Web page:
How Three Organizations Used Social Media for Social Good

December 17, 2013

By: Camille McClane

Social media is taking over the world. There’s no denying that it holds an enormous place in our consciousness as a global community. According to a report published by Experian Marketing Services in 2013, approximately 27 percent of online time is spent on social networking sites like Facebook, Twitter and YouTube. Millions of people visit these sites every day and spend thousands of hours each week tweeting, posting and viewing.

With what is essentially a worldwide audience, the internet—and these sites—are big business. Advertising revenues can be enormous, as evidenced by the pervasive presence of pop-ups, banner bars and commercials that appear whenever you log on to Facebook, or watch a video on YouTube.
That’s all well and good, but what if you’re more interested in raising money for charity than making money for stockholders? Is social media a viable platform for fundraising? The answer is a resounding YES! Non-profit organizations large and small from all around the world are successfully using these sites to raise money and awareness for thousands of causes. They are using social media for social good.

According to BlueHost*, some media campaigns that went viral and were enormously successful included:

Random Acts

Random Acts is an organization that encourages, funds and coordinates random acts of kindness.

Because of their vast reach through social media, including a Twitter following of over 23,000 and a Facebook page with 19k supporters, Random Acts is able to connect with people all over the world who are interested in helping others, whether it be a donation to a relief fund, or simply brightening someone’s day. They often post opportunities to lend a hand, as well as get in touch with those who are already doing so.

After the earthquake that occurred in Haiti in 2010, Random Acts has been reported to have raised $200,000 for the Hope 2 Haiti campaign, but all supporter contributions help to fund every activity.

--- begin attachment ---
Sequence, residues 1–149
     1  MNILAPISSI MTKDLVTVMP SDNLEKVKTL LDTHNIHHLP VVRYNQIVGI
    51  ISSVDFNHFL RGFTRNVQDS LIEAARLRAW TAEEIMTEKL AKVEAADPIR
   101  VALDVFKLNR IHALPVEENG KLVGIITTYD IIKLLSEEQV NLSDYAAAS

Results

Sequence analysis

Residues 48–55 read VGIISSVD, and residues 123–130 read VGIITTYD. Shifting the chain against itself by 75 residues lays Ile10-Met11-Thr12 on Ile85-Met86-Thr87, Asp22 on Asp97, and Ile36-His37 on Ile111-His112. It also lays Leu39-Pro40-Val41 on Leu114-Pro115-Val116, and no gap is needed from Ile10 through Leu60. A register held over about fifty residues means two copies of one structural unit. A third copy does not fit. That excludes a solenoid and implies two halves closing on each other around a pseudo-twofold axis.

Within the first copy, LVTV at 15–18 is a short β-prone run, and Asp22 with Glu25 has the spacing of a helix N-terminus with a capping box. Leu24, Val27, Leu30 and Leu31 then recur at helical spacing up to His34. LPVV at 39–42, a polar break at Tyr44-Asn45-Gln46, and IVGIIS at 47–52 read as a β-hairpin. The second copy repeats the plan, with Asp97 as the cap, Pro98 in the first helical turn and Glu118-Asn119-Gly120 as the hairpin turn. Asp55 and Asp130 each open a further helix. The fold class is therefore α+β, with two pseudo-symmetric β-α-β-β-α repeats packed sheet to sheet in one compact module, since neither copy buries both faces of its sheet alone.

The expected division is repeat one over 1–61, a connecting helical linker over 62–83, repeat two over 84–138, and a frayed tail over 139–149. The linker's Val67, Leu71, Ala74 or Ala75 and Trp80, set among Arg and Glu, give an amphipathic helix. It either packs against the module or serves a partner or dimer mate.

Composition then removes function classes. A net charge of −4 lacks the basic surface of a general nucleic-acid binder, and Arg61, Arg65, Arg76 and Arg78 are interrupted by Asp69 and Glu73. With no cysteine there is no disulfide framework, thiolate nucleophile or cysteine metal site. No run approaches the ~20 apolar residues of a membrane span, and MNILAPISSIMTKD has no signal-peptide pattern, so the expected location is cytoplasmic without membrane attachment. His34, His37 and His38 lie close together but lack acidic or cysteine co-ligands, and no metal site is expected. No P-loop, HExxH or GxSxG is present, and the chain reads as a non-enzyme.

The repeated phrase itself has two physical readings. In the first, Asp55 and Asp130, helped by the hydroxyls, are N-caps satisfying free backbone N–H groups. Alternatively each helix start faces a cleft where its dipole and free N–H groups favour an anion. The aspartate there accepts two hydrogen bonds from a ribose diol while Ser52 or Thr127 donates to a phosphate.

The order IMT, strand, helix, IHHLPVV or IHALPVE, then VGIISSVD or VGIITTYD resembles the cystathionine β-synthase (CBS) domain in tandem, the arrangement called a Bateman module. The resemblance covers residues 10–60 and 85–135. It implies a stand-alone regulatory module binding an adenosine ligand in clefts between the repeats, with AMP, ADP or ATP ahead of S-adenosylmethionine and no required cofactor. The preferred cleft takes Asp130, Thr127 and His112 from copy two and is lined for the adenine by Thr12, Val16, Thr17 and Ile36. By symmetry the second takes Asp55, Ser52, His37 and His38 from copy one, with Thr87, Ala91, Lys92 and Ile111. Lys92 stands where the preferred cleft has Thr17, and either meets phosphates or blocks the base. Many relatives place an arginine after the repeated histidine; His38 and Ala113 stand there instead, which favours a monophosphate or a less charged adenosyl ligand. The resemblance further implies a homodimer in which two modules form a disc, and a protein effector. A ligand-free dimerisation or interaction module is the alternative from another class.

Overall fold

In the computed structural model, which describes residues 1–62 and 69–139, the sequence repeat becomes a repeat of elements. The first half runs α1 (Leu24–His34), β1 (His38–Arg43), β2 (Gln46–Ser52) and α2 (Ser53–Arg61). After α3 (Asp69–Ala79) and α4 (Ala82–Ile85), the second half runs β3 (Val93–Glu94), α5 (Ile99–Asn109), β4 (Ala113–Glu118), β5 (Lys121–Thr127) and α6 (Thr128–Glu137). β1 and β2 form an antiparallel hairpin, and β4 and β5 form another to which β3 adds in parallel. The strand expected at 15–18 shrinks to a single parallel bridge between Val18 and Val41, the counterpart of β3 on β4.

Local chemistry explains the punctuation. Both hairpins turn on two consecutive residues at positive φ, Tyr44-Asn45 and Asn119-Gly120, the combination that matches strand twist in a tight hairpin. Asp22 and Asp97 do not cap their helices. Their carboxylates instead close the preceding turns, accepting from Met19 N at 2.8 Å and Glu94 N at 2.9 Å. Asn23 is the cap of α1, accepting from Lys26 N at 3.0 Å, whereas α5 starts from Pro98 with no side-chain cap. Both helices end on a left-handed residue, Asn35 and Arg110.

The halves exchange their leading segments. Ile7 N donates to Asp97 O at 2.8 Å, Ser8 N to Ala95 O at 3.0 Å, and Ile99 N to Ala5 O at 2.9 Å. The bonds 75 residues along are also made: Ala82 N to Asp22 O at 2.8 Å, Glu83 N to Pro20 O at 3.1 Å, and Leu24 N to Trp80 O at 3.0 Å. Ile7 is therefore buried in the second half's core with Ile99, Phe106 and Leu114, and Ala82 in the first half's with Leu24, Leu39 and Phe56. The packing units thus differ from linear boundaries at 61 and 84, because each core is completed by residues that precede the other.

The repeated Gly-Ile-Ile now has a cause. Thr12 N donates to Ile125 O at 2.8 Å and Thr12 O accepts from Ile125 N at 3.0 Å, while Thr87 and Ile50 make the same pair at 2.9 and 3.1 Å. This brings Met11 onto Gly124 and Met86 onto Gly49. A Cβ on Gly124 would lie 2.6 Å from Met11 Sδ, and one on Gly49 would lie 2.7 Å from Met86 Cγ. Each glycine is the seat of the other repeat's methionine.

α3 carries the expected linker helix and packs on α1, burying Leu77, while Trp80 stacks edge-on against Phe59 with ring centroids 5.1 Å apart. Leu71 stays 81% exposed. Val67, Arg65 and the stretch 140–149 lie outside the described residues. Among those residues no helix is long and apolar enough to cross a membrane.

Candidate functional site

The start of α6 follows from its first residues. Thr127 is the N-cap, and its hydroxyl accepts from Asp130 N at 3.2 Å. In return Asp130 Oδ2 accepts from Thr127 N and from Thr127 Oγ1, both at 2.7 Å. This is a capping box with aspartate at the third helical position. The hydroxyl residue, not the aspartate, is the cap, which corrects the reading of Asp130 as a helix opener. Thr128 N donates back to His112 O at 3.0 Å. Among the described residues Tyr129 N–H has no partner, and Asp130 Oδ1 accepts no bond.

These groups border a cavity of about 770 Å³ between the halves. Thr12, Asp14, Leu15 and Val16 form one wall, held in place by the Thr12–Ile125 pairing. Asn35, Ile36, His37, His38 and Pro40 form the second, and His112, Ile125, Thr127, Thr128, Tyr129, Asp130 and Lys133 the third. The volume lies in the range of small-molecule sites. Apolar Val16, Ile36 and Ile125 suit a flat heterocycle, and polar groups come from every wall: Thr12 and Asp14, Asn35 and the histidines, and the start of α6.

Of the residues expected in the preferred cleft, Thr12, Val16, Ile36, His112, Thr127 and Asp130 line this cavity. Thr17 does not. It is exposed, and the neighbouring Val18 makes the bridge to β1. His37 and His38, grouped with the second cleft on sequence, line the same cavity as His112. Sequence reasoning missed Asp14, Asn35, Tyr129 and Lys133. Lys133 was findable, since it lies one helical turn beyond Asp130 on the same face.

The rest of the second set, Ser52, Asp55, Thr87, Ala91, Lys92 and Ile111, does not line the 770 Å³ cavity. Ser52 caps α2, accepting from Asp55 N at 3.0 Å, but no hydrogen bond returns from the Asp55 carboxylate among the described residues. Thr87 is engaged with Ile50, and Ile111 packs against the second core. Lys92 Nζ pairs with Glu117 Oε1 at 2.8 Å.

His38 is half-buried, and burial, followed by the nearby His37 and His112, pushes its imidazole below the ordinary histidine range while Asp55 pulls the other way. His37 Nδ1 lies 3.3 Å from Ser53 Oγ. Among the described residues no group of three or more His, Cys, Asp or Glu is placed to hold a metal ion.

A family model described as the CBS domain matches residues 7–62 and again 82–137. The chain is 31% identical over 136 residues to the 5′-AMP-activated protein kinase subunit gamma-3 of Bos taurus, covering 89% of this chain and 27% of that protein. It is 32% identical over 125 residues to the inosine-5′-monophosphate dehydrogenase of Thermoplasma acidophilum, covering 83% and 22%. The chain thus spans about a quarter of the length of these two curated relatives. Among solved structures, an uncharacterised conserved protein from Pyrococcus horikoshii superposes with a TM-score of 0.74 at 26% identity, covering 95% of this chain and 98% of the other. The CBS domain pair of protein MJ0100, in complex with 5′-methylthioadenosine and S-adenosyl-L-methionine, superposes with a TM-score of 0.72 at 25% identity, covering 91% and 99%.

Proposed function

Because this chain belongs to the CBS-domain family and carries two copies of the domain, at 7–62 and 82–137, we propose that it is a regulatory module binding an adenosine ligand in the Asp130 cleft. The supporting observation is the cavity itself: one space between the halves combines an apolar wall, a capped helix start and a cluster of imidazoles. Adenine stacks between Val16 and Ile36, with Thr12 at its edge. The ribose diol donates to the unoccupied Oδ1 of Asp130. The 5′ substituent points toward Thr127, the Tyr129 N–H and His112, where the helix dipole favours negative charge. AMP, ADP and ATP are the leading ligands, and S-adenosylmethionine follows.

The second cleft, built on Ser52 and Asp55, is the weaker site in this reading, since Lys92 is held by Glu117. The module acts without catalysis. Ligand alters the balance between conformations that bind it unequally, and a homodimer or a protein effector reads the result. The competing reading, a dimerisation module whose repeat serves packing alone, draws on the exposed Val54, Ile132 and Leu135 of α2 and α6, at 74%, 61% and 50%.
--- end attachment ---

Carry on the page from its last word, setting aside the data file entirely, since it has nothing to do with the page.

Malaria No More

Malaria No More’s aim is to end all malaria-related deaths in Africa by 2015. Their cause was bolstered when they teamed up with popular site CollegeHumor.

On World Malaria Day in 2009, Malaria No More’s campaign hit Twitter, which would run for exactly 365 days, with the most retweeted message on the last World Malaria Day,“Every 30 seconds a child dies from Malaria. Nets save lives. Support World Malaria Day =”

Ashton Kutcher himself even backed their Twitter campaign, pledging to donate 10,000 malaria nets for Malaria No More if he was able to reach 1 million followers. Not only was he successful in reaching his goal (and beating CNN to the punch), a total of 89,742 nets were ultimately distributed.

They’ve raised $750,000 in donations and garnered 200,000 supporters on Facebook as well as their Twitter page.

It Gets Better Project

Focused on preventing LGBT youth suicide.

Dan Savage, a columnist and the co-founder of It Gets Better Project, first started the project with his partner, Terry Miller, in 2010. In response to an increase in suicides among gay teenagers dealing with bullies in school, he uploaded a video on YouTube to tell young individuals who are facing harassment in their lives that it gets “easier and happier.” Within 2 years of the submission of his video, 50,000 more have been uploaded by users. President Obama himself even contributed a video.